Rise Above

Rise Above providers offer and provide indirect consultative services and direct consultative services. In that work, Rise Above directly provides services, or connects parents and programs to supplemental services and/or related service providers, in areas including but not limited to: Education Therapy, Counseling, Academic Advising, Advocacy, and Transitions. Additionally, Rise Above offers advocacy services that support school programs monitor and manage compliance and connects parents to process support and guidance as well as professional training and curriculum development services for a variety of disciplines and industries besides education. 

It is important to note that Rise Above’s programs and practices are designed to conform and comply with the following federal regulations and their state counterparts: Section 504 of the Rehabilitation Act of 1973 (Section 504), Individuals with Disabilities Education Improvement Act (IDEA), Family Education Rights and Privacy Act (FERPA), and Health Insurance Portability and Accountability Act (HIPAA).


The Rise Above: Education Therapy Program is based on an internally developed, strengths-based Enrichment Model. To us, Enrichment refers to “a positive biological response to a contrasting environment, in which measurable, synergistic, and global changes have occurred” (Jensen, 2006). According to Jensen, an enriching learning environment affects the brain in the following ways:

  1. Metabolic Allostasis (changes in blood flow, baseline chemical levels, and metabolic functioning)
  2. Enhanced Anatomical Structures (more developed neurons)
  3. Increased Connectivity (more branches between neurons)
  4. Responsiveness and Learning Efficiency (enhanced signaling, efficiency, and processing)
  5. Increased Neurogenesis (new brain cells and special proteins)
  6. Recovery from Trauma and System Disorders (capacity to prevent or heal stress)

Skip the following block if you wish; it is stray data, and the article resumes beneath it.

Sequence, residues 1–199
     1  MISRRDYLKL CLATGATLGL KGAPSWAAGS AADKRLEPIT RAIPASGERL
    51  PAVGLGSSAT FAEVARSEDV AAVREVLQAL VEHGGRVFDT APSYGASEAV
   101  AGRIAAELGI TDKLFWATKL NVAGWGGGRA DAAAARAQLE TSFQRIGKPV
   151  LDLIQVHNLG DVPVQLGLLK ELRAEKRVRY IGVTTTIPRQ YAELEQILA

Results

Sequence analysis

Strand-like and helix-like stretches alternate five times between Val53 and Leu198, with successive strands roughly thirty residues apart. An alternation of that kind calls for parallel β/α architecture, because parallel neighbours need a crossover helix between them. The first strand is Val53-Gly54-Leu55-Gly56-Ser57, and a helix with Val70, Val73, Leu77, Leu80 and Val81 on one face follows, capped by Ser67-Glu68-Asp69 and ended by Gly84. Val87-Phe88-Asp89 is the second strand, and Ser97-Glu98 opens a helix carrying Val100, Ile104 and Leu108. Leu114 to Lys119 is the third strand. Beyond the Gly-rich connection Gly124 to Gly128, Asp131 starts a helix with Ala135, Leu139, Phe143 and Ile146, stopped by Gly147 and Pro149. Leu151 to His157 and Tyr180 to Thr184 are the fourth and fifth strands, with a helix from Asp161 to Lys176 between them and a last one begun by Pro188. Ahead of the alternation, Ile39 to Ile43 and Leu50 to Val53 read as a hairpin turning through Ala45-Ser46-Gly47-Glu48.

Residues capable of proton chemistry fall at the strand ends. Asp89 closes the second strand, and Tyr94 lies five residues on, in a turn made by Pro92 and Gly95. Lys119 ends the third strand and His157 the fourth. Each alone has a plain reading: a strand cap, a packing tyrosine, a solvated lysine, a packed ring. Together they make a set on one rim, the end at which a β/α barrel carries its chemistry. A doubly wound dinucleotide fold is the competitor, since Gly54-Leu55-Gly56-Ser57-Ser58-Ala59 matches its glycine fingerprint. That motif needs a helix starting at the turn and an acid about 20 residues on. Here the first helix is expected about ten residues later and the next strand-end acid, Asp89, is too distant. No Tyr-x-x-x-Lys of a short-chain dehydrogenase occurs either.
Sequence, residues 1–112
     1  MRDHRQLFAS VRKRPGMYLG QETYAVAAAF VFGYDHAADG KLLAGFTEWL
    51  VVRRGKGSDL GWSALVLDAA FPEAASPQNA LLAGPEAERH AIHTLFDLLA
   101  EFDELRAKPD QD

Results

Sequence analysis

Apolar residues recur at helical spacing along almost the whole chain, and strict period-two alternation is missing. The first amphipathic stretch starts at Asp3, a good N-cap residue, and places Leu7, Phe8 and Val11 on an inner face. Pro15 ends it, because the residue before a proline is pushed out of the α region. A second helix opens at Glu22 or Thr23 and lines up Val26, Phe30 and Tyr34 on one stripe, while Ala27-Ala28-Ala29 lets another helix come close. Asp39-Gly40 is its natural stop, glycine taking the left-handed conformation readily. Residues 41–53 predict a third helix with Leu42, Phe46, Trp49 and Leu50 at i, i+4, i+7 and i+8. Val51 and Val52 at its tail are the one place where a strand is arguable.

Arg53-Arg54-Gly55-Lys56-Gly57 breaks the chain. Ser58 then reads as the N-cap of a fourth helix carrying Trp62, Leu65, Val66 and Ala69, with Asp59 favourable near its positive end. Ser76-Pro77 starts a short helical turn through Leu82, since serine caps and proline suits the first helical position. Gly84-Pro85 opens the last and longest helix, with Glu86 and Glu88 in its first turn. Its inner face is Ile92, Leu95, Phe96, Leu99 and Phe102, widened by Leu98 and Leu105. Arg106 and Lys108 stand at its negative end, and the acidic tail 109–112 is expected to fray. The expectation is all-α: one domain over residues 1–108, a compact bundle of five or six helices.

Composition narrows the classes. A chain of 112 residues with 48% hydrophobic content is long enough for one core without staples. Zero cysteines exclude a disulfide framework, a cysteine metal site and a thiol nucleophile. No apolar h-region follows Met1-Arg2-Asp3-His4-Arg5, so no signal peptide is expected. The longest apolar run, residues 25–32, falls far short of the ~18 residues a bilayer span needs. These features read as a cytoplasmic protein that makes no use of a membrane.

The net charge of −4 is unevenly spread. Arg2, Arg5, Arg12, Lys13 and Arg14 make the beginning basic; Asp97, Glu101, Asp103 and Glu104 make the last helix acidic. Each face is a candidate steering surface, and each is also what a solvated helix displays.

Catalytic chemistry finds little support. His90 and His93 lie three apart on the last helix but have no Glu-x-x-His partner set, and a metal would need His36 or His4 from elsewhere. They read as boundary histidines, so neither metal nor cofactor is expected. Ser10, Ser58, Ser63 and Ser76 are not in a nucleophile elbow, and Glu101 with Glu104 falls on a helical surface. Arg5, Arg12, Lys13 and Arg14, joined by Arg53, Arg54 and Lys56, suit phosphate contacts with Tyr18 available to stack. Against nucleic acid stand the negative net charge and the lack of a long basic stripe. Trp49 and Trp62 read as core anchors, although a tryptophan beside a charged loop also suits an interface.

Utilizing a systematic but individualizable approach, Education Therapists and Case Managers use the tenets of Enrichment to address the following executive functioning skills (Dawson & Guare, 2010): 

  • Planning—The ability to create a roadmap to reach a goal or to complete a task.
  • Organization—The ability to design and maintain systems for keeping track of information or materials.
  • Time Management—The capacity to estimate how much time one has, how to allocate it, and how to meet deadlines.
  • Working Memory (i.e. Recall)—The ability to hold information in mind while performing complex tasks.
  • Metacognition—The ability to stand back and take a bird’s-eye view of oneself in a situation.
  • Response Inhibition (i.e. Impulse Control)—The capacity to think before you act (regulate impulses).
  • Emotional Control (i.e. Self-Regulation of Affect)—The ability to manage emotions in order to achieve goals, complete tasks, or control and direct behavior.
  • Sustained Attention (i.e. Concentration)—The capacity to attend to a situation or task in spite of distractibility, fatigue, or boredom.
  • Task Initiation (i.e. Motivation)—The ability to begin a task without undue procrastination, in a timely fashion.
  • Flexibility (i.e. Adaptability)—The ability to revise plans in the face of obstacles, setbacks, new information, or mistakes.
  • Goal-Directed Persistence (i.e. Drive)—The capacity or drive to follow through and complete goals without being put off by other demands or competing interests.
  • Teamwork (i.e. Empathy)—The ability to understand the perspective of another, in an effort to sense and relate to their feelings and coupled with the will to respond appropriately, to work collaboratively toward a common objective.

We currently have the following program offerings:

1. Supplemental Academic Programs

Supplemental Numeracy Program
Designed to provide students with exposure to formal, high-quality numeracy instruction in: Arithmetic (Numbers and Operations, Algebra (Patterns, Functions, and Symbology), Measurement (Geometry and Trigonometry), and Statistics (Data Analysis and Probability). It introduces learners to the fundamental nature and function of numbers and how they are used to define and refine the world in which we live. This process is designed for secondary students who require remediation or accommodation or elementary students looking for enrichment.

Supplemental Literacy Program (Composition)